Research papers on policing the Jewish East End suggest that though there was crime there wasn’t “a criminal class”. There was quite a lot of juvenile crime but growing up took care of it. One policeman put it this way: “You seldom get an old Jew as a thief. With an Englishman, once a thief, always a thief.”
In his book, East End Gangland, James Morton writes that Jewish gang crime did not loom large though a posse of about 40 Russians calling themselves the Bessarabian Tigers or Bessarabian Fighters wielded power in Whitechapel at the turn of the century. They ran protection rackets against Jewish shop and café own- ers, enforced with considerable violence, and the Russian locals’ ingrained fear of the police meant it was virtually impossible to get evidence for prosecution. Another source of income was blackmailing the fathers of brides just before upcoming weddings, threatening to put about scandalous stories about their daughters.
There were gang fights against another band of Russians, the Odessians but far more rooted were the community’s political and religious divisions. On Yom Kippur 1904, anarchists and other anti-frummers, having recently attacked Jews leaving shul, drove a food van down the street. The shulgoers stoned it and the anarchists threw stones at the shul. In the subsequent court case the stipendiary magistrate said: “It is disgraceful that a class of persons who for centuries have been distinguished as the victims of the fiercest persecutions should, when in the one free country of the world, turn upon those who disagreed with them upon religious points and stone and persecute them.”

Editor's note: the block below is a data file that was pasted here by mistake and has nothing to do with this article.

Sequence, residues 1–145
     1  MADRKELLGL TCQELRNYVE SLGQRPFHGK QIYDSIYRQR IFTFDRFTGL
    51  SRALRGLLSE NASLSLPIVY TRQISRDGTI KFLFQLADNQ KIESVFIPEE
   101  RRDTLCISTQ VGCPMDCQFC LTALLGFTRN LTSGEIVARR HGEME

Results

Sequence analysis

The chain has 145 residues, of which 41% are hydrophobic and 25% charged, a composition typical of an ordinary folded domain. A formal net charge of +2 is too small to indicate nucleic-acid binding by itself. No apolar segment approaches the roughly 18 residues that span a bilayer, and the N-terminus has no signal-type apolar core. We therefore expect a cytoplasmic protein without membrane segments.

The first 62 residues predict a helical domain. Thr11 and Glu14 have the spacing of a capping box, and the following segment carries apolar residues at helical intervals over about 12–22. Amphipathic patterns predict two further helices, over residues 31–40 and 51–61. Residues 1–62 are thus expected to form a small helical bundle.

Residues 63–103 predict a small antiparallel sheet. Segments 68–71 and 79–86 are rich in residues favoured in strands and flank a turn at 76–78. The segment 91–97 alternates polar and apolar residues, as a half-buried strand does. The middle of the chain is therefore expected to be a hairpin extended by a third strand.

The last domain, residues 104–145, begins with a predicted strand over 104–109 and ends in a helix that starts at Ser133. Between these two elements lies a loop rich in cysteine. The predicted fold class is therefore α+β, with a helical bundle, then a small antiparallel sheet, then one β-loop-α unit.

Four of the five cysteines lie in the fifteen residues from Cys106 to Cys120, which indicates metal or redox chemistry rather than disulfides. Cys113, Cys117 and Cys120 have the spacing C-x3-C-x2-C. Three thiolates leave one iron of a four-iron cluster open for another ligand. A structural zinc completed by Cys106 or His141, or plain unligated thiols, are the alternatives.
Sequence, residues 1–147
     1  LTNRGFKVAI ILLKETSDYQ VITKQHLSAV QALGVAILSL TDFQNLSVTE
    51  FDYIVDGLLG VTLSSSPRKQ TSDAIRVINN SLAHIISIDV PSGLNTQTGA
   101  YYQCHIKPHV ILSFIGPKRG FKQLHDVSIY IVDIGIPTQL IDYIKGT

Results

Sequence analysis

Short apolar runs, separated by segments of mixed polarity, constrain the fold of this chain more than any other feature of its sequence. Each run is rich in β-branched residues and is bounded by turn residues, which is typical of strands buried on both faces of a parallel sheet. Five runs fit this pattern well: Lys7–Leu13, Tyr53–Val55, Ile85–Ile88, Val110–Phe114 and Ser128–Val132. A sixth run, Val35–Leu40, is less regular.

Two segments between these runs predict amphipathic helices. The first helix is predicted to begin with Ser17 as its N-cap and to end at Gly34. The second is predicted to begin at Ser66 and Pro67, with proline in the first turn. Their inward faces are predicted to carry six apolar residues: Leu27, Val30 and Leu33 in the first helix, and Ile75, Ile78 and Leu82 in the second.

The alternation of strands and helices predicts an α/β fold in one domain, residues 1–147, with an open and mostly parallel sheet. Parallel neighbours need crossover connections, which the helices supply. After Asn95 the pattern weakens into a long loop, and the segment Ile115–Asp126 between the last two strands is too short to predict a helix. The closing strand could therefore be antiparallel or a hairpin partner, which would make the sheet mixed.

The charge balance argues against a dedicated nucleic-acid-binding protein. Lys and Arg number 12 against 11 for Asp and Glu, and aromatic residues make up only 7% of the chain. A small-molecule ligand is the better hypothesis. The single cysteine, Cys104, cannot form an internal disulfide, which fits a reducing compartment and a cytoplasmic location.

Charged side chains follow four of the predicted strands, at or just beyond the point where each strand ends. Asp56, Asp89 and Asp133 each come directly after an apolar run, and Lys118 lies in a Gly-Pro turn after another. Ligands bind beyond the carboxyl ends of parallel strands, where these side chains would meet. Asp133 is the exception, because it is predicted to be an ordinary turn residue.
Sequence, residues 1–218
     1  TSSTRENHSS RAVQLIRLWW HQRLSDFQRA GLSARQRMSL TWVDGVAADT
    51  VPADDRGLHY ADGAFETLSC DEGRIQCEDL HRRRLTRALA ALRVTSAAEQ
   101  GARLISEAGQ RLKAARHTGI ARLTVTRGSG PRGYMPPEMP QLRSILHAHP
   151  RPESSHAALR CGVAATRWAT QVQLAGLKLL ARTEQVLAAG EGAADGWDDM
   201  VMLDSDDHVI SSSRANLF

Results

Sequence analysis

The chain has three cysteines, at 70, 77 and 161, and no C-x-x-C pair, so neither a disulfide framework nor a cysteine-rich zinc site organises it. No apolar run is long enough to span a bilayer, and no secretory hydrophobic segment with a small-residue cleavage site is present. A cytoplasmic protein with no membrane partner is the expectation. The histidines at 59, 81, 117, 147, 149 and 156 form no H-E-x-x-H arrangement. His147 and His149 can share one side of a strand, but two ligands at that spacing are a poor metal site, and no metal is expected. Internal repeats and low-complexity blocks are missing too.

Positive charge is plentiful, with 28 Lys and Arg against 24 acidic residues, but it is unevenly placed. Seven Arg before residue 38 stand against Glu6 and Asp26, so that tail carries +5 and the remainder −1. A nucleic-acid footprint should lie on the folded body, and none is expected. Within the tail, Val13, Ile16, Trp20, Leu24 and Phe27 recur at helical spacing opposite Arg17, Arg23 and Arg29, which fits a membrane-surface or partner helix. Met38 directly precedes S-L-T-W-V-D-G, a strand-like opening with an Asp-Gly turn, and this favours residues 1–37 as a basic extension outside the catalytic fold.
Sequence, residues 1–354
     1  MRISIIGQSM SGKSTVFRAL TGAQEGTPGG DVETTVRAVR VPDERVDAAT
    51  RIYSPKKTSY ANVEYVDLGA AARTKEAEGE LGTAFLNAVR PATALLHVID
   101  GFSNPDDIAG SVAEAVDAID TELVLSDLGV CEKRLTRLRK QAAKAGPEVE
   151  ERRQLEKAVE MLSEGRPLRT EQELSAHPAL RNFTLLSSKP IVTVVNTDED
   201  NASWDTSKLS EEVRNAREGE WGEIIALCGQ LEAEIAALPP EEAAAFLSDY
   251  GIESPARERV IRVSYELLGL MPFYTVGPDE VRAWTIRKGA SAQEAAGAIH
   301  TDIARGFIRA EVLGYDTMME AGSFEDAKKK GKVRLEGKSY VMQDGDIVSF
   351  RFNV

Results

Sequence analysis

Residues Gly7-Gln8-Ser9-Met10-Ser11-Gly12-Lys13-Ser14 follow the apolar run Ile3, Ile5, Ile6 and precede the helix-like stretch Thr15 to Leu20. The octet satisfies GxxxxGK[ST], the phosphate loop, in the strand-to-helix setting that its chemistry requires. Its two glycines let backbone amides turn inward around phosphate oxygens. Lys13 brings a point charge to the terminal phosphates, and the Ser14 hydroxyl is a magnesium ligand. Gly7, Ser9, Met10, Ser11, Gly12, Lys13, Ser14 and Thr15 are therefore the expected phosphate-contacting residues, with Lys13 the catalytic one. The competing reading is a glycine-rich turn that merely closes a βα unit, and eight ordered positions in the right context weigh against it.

George Orwell, in an article about English antisemitism, points out that even in jokes about Scottish and Jewish meanness the Jew come off worse: “A Scotsman and a Jew go into a free meeting. Then they discover there’s a collection. The Jew faints, the Scotsman carries him out.” The Scotsman at least gets some credit for physical strength and taking control of the situation.
Oh, and have you heard the one about the Jewish adviser who persuades the Prime Minister to test out the Poll Tax on Scotland?
Poverty pictured. Facing page: Jews in the East End in the 1920s Above: the volatile Brixton of Thatcher’s era